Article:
Rising rates bring seller financing back

When mortgage money is plentiful and readily available, lenders are eager to lend to almost any buyer. But when mortgage availability tightens, as is the case with rising interest rates in 2022, loan approvals become more elusive.

Additionally, the definition of a “qualified buyer” becomes more restrictive in tight credit markets. A seller hoping to find a receptive buyer at the seller’s asking price during a tight mortgage market should consider vendor financing.

Seller financing supports the price

Vendor financing is also known as:

  • an installment sale;
  • a sale on credit;
  • carry-over funding; or
  • an owner-carrier sale (OWC).

Seller financing occurs when a seller brings back a note and deed of trust signed by the buyer to evidence a debt owed for the purchase of the seller’s property. The amount of the claim is the remainder of the price due to the seller after deduction:

  • the down payment; and
  • the amount of any existing or new mortgage used by the buyer to pay part of the price.

Seller Financing Rights and Obligations

At closing, the rights and obligations of the real estate property held by the seller are transferred to the buyer. At the same time, the seller defers a mortgage, assuming rights and obligations similar to those of a mortgagee.

Editor’s Note – Before granting, offering, or negotiating consumer mortgages for compensation, California brokers and agents must first obtain Mortgage Originator License (MLO) approval on their license from the California Department of Real Estate (DRE). A consumer mortgage is a loan for consumption purposes secured by a residential property of one to four units.

A broker offering or negotiating a deferral consumer mortgage as part of a sale of home transaction only triggers MLO license approval if the broker or agent receives separate additional compensation for arranging the deferral back, a fee in addition to the fees charged for their role as seller’s or buyer’s agent. agent in the real estate transaction.

Marketing of the property: the seller will carry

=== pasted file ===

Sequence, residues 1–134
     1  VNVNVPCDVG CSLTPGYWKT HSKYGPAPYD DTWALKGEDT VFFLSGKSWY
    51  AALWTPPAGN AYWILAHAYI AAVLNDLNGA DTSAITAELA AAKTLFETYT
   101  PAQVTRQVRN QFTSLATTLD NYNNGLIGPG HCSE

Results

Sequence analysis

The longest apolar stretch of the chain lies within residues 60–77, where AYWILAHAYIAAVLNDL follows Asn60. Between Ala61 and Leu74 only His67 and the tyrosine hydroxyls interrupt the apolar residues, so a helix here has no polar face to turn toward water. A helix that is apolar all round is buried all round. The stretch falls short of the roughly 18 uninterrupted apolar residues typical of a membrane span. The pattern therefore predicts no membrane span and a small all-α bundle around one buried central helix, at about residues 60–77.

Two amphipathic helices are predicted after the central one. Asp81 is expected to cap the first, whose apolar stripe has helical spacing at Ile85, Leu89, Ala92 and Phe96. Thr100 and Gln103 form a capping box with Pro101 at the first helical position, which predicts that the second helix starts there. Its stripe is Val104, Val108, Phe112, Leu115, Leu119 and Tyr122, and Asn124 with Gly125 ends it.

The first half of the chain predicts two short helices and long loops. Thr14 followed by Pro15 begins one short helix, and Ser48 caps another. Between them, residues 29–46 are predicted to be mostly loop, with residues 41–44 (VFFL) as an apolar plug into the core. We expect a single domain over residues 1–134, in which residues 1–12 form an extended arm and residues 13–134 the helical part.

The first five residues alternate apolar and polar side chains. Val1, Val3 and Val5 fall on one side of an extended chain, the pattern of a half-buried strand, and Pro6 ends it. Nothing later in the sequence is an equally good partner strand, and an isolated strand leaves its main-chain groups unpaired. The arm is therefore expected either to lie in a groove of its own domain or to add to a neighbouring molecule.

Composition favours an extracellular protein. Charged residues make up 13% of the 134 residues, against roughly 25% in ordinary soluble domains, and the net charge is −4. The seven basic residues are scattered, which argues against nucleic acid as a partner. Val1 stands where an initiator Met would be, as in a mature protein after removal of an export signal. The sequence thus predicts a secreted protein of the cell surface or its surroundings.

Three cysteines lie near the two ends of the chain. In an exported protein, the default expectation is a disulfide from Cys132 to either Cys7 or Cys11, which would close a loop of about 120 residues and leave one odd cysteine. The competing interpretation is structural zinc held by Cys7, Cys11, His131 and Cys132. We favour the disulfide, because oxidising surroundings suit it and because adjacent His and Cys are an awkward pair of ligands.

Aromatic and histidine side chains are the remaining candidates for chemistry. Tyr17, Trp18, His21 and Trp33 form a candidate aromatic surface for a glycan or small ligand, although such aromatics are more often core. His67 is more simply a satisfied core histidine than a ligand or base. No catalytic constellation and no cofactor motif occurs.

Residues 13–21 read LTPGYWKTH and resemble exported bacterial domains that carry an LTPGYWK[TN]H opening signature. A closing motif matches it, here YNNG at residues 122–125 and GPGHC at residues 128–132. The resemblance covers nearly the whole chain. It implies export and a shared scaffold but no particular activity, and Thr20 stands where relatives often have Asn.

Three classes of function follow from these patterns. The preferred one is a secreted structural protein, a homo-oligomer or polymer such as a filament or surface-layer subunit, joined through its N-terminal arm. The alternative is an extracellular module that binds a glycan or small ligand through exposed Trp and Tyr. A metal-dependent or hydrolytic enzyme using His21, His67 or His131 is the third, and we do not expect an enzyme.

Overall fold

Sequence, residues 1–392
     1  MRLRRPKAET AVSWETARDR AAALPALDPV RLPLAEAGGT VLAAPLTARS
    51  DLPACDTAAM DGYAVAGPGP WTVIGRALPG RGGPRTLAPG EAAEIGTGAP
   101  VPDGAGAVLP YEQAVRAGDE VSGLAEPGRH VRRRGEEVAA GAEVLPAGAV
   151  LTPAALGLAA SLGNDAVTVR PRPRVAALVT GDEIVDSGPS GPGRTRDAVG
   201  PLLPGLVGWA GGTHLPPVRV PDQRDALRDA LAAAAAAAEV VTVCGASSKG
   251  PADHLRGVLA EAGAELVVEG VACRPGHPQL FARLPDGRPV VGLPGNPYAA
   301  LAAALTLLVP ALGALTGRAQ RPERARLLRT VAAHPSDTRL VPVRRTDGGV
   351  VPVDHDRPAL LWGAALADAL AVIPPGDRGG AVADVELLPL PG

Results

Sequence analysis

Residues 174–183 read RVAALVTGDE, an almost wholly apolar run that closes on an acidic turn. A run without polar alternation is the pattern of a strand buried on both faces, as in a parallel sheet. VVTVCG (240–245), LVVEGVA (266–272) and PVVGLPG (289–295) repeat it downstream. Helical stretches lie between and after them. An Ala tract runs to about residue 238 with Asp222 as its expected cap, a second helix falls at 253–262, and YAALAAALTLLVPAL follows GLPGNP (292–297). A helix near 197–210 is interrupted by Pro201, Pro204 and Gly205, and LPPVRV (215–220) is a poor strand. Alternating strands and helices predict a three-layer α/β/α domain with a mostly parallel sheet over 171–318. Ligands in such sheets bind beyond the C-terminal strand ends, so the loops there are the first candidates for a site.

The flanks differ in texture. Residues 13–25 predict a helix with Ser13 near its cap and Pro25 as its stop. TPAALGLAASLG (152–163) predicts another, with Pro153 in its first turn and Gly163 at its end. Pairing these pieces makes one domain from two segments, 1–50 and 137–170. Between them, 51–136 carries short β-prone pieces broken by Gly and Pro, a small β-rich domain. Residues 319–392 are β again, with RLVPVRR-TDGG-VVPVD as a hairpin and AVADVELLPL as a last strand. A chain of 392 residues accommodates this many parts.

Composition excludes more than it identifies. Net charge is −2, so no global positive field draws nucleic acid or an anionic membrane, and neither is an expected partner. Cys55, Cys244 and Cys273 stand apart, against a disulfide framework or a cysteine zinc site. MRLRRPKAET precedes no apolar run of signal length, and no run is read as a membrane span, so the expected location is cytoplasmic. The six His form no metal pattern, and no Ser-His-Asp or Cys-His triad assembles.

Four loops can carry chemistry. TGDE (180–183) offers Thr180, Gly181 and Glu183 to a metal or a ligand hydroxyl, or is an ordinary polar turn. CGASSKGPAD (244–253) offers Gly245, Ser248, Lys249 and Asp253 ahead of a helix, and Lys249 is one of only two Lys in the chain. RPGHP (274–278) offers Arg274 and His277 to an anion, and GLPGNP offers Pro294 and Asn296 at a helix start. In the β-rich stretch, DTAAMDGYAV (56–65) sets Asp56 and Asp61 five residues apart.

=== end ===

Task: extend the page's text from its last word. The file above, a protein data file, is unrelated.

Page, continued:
The seller who offers a practical and flexible financial package to potential buyers makes their property more marketable and postpone the tax bite on their profits.

Qualified buyers are willing to pay a higher price for real estate when attractive financing is available. This is true whether the financing is provided by the seller or by a lender. For most buyers, the main factors when considering the purchase of a property are:

  • the amount of the deposit; and
  • monthly mortgage payments.

Seller’s agents use these circumstances to inform their sellers of price agreements in hyper-competitive buyer’s markets.

The buyer’s will is particularly evident when the interest rate on the deferral mortgage is equal to or lower than the rates that competing lenders charge on their purchase assistance loans. The lower the interest rate, the higher the price can be.

Flexible terms of sale for buyers

Seller financing also offers tangible benefits to buyers. For buyers, seller

Carry-over funding typically provides:

  • a moderate down payment;
  • competitive interest rates;
  • qualification and documentation requirements that are less stringent than those imposed by traditional lenders; and
  • no set-up fees or lender processing hassles.

Lenders automatically require a minimum down payment of 20% if the buyer wants to avoid private mortgage insurance (PMI), which adds more than one percent to annual mortgage costs and reduces the maximum amount a buyer can borrow. In addition, mortgages insured by the Federal Housing Administration (FHA) include a mortgage insurance premium (MIP) regardless of the loan-to-value (LTV) ratio.

In a sale with deferral, the down payment amount is negotiable between buyer and seller without the outside influences that a traditional mortgage broker and the buyer must deal with.

Moreover, a price/interest rate trade-off often takes place in the deferral environment. The buyer is usually able to negotiate a lower than market interest rate in exchange for accepting the seller’s asking price, which is higher than the market price.

Tax advantages and gains for the seller

From a tax point of view, it is preferable for a seller to defer part of the sale price, rather than to be cashed out when he makes a significant taxable profit.

The seller, with a profit to declare on a sale, is able to defer payment of a substantial portion of his income taxes until the years in which the principal is received from the buyer. Where the seller avoids all income tax in the year of the sale, the seller earns interest on the portion of the principal of the note which represents the tax not yet due and payable.

If the seller does not bear a promissory note in future years, he will be cashed in and pay significant profit taxes in the year of the sale (unless the profit is exempt or excluded from tax, such as this happens in a §1031 transaction).

The funds left behind by the seller after taxes are reinvested in some way. This after-tax sale proceeds will be less than the principal amount on the deferral note. Thus, the seller earns interest on the net proceeds of the deferred sale before paying taxes on the profit attributed to that principal.